What Is Used for Code Coverage?

 List of Code Coverage Tools

The Ultimate List of Code Coverage Tools

Code coverage is the number of lines, statements, or blocks of code tested by your automated tests. It’s a crucial statistic for determining the effectiveness of your quality assurance operations. Code coverage indicates how much of your application is not covered by automated tests and thus susceptible to bugs. Code coverage methods are usually expressed as a percentage, i.e., percentage of code coverage. The closer to 100 percent of code coverage, the better when it comes to demonstrating test coverage to your bosses, a tool for code coverage (along with other trade skills, of course) comes in handy.

 Table of content:

  1. 25 Code Coverage Tools
  2. How to Choose a Code Coverage Tool

Many open-source and commercial tools have been developed throughout the years to meet the code coverage requirements of every software development project. There’s a code coverage analysis tool for everyone, whether you’re a single developer working on a side project at home, a major corporation with a large DevOps staff, or working on QA for a startup. Many programming languages provide code coverage tools, including many popular QA tools. They’re connected with build tools like Ant, Maven, and Gradle, as well as continuous integration (CI) systems like Jenkins, project management platforms like Jira, and a slew of other software development tools.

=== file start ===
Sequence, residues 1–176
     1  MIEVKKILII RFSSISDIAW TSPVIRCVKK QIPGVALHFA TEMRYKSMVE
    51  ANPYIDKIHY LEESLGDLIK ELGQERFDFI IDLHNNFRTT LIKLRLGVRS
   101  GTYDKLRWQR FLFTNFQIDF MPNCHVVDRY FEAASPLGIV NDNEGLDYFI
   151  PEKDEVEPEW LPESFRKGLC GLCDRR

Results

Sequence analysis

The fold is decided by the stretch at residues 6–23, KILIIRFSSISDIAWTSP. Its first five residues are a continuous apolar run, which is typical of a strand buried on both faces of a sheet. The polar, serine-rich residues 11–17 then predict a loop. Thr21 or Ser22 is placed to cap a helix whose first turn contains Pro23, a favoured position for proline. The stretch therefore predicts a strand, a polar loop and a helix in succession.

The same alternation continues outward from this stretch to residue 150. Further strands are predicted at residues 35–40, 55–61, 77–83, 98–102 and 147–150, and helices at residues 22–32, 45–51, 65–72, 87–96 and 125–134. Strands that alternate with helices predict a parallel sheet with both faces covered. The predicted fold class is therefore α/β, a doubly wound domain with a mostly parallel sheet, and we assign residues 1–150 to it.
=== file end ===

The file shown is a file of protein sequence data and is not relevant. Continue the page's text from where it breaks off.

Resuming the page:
We’ve compiled a list of 25 code coverage tools that include alternatives for:

  1. Open Source Code Coverage Tools
  2. Commercial Code Coverage Tools
  3. Quality Assurance and Other Tools with Code Coverage as a Feature
  4. Code Coverage Tools for Other Programming Languages

Open Source Code Coverage Tools

Several open-source code coverage tools are available, but they are not equal. Some are deprecated, while others are still being developed, and each takes a unique approach to code coverage.